Over the offseason, confident in his roster but understanding the need for improvements, Mets general manager Brodie Van Wagenen signed three players to contracts of at least seven figures. The largest guarantee went to Dellin Betances, who agreed to $10.5 million plus loads of incentives. Next was Rick Porcello, at $10 million. The third, Michael Wacha, inked a $3 million contract with enough incentives to more than triple in value.
That $23.5 million outlay represented a bona fide path to improvement for the Mets, who hoped to jump from third place in the NL East to first. And perhaps they still can. But after Wacha allowed five runs in a 7-1 loss to the Braves on Saturday, dropping the Mets to their fourth consecutive defeat -- the equivalent of 11 straight losses in a 162-game season -- that prospect took another hit.
Fifteen percent of the way through the season, Betances, Porcello and Wacha have combined for a 9.87 ERA.
“It can be frustrating, but that’s the best part about this game -- we’ve got another one tomorrow where we can get right back on track,” Wacha said. “We’ve got to be able to flush it.”
Sharp in his first start of the season earlier this week in Boston, Wacha struggled from the jump at Truist Park. Marcell Ozuna greeted him with a two-run homer in the first inning, followed by a three-run Braves rally in the third. Although Wacha was able to find a better feel for his signature changeup after that, the damage was already done; the Mets did not score at all against Braves starter Touki Toussaint, who went four innings.
“Right from the start, I felt like I was just a little bit sloppy with the mechanics, with the execution, with the intent on pitches,” Wacha said. “It’s just got to be a lot more on point with everything than what I showed out there today.”
The brightest spot for the Mets was rookie reliever Franklyn Kilome, who allowed two runs in four innings and struck out five in his big league debut, but by that point, the Mets were already behind by plenty. Again.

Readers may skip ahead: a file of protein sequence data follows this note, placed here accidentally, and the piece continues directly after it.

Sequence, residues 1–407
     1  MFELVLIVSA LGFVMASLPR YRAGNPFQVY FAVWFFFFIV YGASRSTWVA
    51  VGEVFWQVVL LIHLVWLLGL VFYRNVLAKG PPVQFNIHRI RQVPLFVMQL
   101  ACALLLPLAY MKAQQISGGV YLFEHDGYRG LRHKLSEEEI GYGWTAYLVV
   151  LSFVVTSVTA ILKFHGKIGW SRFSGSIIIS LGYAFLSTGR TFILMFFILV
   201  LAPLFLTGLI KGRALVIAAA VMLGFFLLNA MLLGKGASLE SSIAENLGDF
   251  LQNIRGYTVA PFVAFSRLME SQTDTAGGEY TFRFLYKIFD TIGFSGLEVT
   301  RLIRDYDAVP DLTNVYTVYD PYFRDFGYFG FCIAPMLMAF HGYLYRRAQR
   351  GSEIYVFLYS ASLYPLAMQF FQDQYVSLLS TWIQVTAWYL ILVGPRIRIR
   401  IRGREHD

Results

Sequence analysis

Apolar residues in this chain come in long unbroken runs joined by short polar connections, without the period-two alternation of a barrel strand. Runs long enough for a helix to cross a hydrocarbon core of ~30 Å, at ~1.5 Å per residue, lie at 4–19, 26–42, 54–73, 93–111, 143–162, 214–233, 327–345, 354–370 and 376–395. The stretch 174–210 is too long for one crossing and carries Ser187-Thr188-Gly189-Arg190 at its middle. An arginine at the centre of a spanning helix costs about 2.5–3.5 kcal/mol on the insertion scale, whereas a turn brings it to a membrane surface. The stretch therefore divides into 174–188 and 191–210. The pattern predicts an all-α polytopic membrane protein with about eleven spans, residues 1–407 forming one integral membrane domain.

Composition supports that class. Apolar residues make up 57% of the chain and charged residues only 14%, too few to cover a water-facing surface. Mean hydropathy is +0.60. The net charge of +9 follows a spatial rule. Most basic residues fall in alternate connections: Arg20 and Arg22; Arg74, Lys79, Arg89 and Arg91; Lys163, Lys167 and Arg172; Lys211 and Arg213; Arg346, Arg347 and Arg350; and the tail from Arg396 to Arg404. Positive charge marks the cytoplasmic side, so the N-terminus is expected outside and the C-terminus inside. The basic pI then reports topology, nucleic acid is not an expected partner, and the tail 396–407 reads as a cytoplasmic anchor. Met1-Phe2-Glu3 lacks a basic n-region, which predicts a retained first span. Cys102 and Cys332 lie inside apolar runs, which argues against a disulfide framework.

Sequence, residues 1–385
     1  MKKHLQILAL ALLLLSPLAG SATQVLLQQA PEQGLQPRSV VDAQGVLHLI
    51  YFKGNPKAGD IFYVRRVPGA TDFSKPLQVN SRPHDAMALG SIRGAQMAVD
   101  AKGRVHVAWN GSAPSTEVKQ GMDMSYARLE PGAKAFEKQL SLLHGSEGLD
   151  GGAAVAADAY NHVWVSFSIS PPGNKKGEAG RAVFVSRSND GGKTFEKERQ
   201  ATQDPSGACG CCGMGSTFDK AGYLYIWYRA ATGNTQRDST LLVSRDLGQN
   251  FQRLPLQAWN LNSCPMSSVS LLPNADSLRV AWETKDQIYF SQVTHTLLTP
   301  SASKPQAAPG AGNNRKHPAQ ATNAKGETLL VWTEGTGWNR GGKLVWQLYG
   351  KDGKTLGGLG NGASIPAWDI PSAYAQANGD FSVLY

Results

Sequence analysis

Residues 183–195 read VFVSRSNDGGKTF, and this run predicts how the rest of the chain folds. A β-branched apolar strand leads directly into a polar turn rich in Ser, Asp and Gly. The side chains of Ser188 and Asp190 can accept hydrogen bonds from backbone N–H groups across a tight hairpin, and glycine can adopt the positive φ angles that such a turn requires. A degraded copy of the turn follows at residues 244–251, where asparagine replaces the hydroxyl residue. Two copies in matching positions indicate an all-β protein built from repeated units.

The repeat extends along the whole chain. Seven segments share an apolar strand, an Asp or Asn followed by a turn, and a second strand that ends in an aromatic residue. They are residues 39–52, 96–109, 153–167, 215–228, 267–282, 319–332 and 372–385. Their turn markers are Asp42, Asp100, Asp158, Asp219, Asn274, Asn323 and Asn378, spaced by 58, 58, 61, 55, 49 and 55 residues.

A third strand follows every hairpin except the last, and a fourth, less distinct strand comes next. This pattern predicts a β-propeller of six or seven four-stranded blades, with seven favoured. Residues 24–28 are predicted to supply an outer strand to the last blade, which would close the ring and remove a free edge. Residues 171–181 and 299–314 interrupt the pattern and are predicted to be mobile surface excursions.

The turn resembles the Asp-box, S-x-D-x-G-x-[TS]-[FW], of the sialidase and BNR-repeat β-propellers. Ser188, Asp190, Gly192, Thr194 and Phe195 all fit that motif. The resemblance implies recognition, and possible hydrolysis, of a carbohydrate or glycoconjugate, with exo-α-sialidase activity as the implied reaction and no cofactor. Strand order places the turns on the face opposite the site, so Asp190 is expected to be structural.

Through nine games, there has been no singular culprit. In his first two starts, Porcello lasted two and four innings, respectively, allowing a total of 11 runs (nine earned). Wacha gave the Mets a strong outing in his debut, but he backed it up with Saturday’s abbreviated start. Betances struggled to regain his old velocity in Spring Training and Summer camp; on Friday, he also battled control issues, walking two batters during a four-run blowup.
Combined, the slow starts have played a significant role in the Mets’ losing record, which seems magnified in the context of a 60-game season.
“We’re just not combining the whole thing together,” manager Luis Rojas said.
Over the winter, the Mets had reason to think this might shake out differently. Wacha, though injury-prone in recent seasons, was an All-Star as recently as 2015 and a consistent contributor to the Cardinals when healthy. Porcello, despite posting a Major League-high 5.52 ERA last season, is a former American League Cy Young Award winner who, even in his worst seasons, has consistently sopped up innings. Betances was once one of the game’s most electric relievers; the Mets had hoped the shoulder and Achilles injuries that kept him sidelined for nearly the entire 2019 season wouldn’t affect him much in 2020.
There is still time for all three of them to turn it around, but the Mets don’t have the luxury of a six-month season to wait. They need production from their offseason acquisitions, and soon, if they are to make good on that promise.
“We’ve been in position to win games,” Rojas said. “At this point, we’re nine games in now. … We need to recover this, quickly, because we have a game tomorrow. There aren’t many days off. We need to stay consistent doing what we do, getting prepared the way we get prepared, and being able to identify the things that can be hurting us.”